And finally I call the garden moss to testify. Tiny forest green and emerald parts that make the whole, they live in harmony with one other. They cover the rocks and stones and creep anywhere that suits them. Anywhere they can thrive. They exist on the morning dew. Their privacy springs from the anonymity they share; not one can be counted unique. Growing in dimension, spreading in unmeasured delirious abandon, considering no one but themselves. Oh, the greedy happiness!

On Pond
Steamy moss feasts

And nothing
Nothing
Nothing will stop
Their desire.

 

In Celebration of the Summer Solstice

MOTHER NATURE

spring-flowers

In celebration of the summer solstice, I say goodbye to this difficult, demanding, dissonant spring.

 

[Excerpt from PERSEPHONE IN HELL]

“Spring had come again, a time of great confusion in the natural world of southeastern Massachusetts. A time for tiny delicate crocus to bud, only to be buried and sometimes crushed under a late snowfall. For robins to fly home from their wanderings even before the earthworms work their way out of the frozen ground.

Azaleas bloom one week; daffodils another. Antisocial forsythia’s already come and gone along with the snowdrops. Cherry blossoms and rhododendrons and tulips awake in no particular order. Crab apples usually flower last, but not always.

Skunk and raccoon, squirrel and chipmunk scurry out of their nests willy nilly, looking for something fresh to eat after the long lonely winter. Everybody’s lean and hungry. All living things in the spring look for their chance, search for a place to thrive, jockey for position.

Perhaps there is harmony and concordance in a New York spring, or in Pennsylvania, or Washington DC. But in southeastern Massachusetts, Mother Nature cries out a dissonant prelude. She doesn’t desire a symphony of bloom. She fights to keep everyone and everything under her domain on guard.

She prefers to conduct a guessing game. Can I keep that blue jay from stealing my nest? wonders the worried female cardinal just laying her eggs. Maybe I could use that nest to lay my eggs, the tired female blue jay thinks, searching for a suitable place to land. It is survival of the fittest, and Mother Nature is cruel. She’s tough, demanding disorderly progressions in spring. Because she knows once summer comes, both flora and fauna – anyone who’s survived the spring grows strong.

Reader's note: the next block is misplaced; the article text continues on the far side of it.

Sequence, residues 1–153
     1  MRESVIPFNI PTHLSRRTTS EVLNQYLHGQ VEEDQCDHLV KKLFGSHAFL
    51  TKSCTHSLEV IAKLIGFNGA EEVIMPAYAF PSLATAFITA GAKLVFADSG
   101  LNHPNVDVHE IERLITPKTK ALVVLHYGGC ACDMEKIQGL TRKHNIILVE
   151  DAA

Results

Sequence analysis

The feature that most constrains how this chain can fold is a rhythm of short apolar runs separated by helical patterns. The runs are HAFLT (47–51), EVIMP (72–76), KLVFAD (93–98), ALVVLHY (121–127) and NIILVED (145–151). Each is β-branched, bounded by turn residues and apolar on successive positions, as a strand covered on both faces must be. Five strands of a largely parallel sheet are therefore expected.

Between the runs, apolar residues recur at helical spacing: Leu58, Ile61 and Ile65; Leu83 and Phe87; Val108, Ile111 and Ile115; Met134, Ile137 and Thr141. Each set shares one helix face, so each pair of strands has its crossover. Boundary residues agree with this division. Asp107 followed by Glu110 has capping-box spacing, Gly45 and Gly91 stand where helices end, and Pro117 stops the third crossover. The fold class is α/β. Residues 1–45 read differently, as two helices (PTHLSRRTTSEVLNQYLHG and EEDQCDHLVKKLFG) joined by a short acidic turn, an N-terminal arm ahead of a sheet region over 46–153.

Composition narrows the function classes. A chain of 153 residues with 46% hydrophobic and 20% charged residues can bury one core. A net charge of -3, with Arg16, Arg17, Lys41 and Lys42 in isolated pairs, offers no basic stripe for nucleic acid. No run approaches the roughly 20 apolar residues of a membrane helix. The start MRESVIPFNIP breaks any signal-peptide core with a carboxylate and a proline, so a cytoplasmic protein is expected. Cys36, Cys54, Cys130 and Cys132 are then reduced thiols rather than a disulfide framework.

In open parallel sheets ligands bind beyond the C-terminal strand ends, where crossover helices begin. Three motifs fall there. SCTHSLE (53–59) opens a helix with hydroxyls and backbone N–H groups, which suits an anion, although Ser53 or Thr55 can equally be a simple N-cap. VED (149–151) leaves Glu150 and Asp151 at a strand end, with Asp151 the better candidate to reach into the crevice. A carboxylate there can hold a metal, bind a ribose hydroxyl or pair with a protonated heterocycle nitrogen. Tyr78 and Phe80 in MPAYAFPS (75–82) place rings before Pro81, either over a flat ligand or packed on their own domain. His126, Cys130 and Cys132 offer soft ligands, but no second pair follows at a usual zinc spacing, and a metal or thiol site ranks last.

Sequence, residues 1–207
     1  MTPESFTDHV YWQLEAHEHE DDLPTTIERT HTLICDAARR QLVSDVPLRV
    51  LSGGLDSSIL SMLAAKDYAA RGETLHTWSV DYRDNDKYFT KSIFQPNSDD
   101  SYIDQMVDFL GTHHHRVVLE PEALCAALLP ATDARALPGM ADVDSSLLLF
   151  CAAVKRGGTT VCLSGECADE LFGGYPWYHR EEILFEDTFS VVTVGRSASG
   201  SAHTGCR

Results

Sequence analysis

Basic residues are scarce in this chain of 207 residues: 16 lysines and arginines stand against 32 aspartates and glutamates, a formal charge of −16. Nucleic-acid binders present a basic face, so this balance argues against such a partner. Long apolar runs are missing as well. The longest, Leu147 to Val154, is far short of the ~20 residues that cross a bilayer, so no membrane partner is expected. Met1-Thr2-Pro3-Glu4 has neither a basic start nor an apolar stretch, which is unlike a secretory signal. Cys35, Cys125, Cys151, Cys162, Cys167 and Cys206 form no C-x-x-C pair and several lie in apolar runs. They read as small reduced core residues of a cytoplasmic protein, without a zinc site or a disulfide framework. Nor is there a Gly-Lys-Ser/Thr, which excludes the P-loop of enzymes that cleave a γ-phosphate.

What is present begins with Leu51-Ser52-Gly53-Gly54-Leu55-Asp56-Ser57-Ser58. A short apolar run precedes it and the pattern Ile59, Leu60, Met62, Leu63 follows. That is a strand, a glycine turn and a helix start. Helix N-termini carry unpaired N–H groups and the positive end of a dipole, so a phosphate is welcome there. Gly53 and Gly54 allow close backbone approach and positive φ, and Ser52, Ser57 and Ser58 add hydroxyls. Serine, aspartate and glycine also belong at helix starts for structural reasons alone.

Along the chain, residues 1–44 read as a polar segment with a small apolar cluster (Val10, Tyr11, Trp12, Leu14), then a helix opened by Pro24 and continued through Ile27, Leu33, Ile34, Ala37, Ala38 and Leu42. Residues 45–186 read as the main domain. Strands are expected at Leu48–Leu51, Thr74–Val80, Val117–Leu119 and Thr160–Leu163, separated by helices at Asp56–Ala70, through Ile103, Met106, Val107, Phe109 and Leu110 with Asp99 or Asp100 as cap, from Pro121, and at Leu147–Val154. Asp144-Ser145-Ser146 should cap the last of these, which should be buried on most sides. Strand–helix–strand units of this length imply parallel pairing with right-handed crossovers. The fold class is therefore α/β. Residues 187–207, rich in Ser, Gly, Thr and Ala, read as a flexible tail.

There is an inevitable harmony in the summer solstice. That’s the easy part. But it’s the getting there that counts. Spring brings chaos and uncertainty, discordant notes and solo acts whose timing may be all off. It’s meant to make us fit and able. Any good mother wants her children fit and able for the times to come. It’s the law of nature.”

 

 

Bitter Cold

MOTHER NATURE

snowy-road

The weather outside is frightful. Oops, those are lyrics from a popular holiday song. Let me start again. The weather outside is hateful…no, the weather outside is unbearable…no, it’s horrible…no. Let’s start all over. The weather outside is exactly what it should be for winter in northern climes. It’s difficult. It’s cold, frigid, frosty, snowy, icy, windy, freezing. My character Glory in PERSEPHONE IN HELL is somewhat more eloquent than I in her thoughts about winter. She’s hitchhiking her way to school, just got picked up by a trucker who is very pleased to host this gorgeous teenage girl in his truck.

“I’m so damn cold. Will spring never come? She closed her eyes, willing Persephone, the goddess of spring, to arise from the dead. Nothing happened.

Should know better than to trust in the gods. Maybe I’ll thumb my way to Florida.

Her fingers moved up and down her frigid skin, trying to create some heat. The trucker’s hand left the steering wheel and inched across the vinyl seat toward her. “It’s like ice in here,” he said softly so as not to disturb her reverie. “I can help with that.”

Glory gave up on the gods for the moment and stared out the steamed up window. She counted the side streets they slowly passed – Forest Street, Chestnut Street, Spring Hill Lane. Such vernal, innocent places, green and natural. Merry and naked, nothing like winter; no snow drifts ever on Spring Hill.”

Ah, just the thought of the idyllic Spring Hill makes me wish I could thumb my way to somewhere else. Anywhere else. A place where Mother Nature reveals her softer side on a more regular basis. Where ice is mostly associated with cream, and cold with beer. Where a young girl can walk to school past inviting green lawns. Where truckers drive on by and no one misses them. Where cool, invigorating winds come to visit but don’t stay long. Where without the crushing weight of a hard bitter cold, the spirit can float free.